My German translation of K.J. Parkers excellent novella "Purple & Black" has just been published as a beautiful paperback edition by Golkonda press, German publisher of authors like David Marusek, Ted Chiang and Joe Lansdale. I hope I was able to do justice to Parker's sense of humor, wit and complexity. I can honestly say that I never before had so much fun translating a book. Who knows, if the fun is reflected in sales, Golkonda might publish another book by Parker (maybe even one of the meatier novels - The Company, for example) - I would certainly be looking forward to it!

Sunday, 1 January 2012

German authors: Markolf Hoffmann

This is the first of (hopefully) many articles about some of my favourite authors writing in German; most of them haven't been translated into English (yet), so if you don't speak German an feel that you absolutely have to read one of the books im writing about, you'll just have to find a publisher who's willing to translate them!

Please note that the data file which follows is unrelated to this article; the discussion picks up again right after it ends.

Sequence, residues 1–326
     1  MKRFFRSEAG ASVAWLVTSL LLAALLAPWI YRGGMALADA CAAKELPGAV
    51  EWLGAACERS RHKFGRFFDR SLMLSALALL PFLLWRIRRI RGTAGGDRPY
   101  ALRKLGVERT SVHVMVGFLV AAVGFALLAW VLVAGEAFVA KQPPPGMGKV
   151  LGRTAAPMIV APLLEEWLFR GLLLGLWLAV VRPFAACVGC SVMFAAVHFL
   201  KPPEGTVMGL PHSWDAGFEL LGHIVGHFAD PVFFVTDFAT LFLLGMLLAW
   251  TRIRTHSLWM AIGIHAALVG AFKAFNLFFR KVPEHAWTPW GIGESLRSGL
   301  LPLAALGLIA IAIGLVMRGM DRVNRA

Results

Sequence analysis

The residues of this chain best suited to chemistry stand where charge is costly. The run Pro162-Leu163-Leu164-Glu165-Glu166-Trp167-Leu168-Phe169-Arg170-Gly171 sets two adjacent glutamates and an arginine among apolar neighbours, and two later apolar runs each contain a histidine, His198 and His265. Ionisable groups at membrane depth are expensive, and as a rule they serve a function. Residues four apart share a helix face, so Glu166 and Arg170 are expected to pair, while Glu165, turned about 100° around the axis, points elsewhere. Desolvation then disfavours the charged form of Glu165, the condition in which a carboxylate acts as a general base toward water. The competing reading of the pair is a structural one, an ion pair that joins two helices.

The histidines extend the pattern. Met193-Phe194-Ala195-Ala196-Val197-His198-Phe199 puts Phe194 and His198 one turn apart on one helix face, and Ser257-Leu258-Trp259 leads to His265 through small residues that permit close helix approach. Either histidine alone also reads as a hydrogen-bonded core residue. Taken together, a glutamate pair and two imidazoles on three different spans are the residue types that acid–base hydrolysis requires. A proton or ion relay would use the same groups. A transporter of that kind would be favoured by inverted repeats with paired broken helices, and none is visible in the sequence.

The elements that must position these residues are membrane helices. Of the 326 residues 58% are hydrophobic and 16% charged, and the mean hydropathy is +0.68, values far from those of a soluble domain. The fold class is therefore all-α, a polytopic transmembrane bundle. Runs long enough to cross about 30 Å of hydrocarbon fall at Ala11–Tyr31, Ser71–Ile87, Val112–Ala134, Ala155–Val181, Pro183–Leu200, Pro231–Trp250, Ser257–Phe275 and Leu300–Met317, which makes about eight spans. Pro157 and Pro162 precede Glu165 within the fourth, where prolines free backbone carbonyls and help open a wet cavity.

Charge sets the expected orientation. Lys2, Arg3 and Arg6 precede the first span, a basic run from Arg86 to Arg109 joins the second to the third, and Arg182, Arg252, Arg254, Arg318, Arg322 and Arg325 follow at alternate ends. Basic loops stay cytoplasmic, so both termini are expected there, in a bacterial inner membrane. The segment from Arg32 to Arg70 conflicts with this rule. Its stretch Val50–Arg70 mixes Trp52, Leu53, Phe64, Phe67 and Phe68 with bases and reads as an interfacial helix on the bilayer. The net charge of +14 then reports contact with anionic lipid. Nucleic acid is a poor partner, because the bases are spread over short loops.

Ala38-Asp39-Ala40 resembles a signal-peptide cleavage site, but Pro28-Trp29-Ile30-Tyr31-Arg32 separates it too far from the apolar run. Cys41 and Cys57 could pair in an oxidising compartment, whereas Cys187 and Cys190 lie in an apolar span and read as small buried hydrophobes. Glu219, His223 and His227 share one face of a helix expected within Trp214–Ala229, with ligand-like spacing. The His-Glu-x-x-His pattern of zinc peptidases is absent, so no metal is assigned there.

Further entries will (probably) be about Walter Moers, Gero Reimann, Karla Schmidt, Marcus Hammerschmitt and Jasper Nicolaisen.

I would like to say that I am a longtime fan of Markolf Hoffmanns books, but I actually only discovered him two or three years ago. His first Quadrilogy of fantasy novels is Das Zeitalter der Wandlung (The Age of Transformation), which comes across as one of many pseudo-medieval fantasies about a Chosen One who has to save the world from an Invasion of fearsome lizard creatures, but quickly becomes a complex tale about politics (think Game of Thrones), about the authoritarian core of the myth of the chosen (think China Mieville), about the malleability of mythological truth and about the double-edged human capacity to dominate nature. Even though The Age of Transformation is flawed (it is a first novel, or a first four novels, after all), I would still rate it the best work of post-tolkienesque High Fantasy written in the German language. Due to a somewhat troubled publishing history, however, the later volumes went pretty much unnoticed. It probably didn't help these are "difficult" books with complex and not always smpathetic main characters.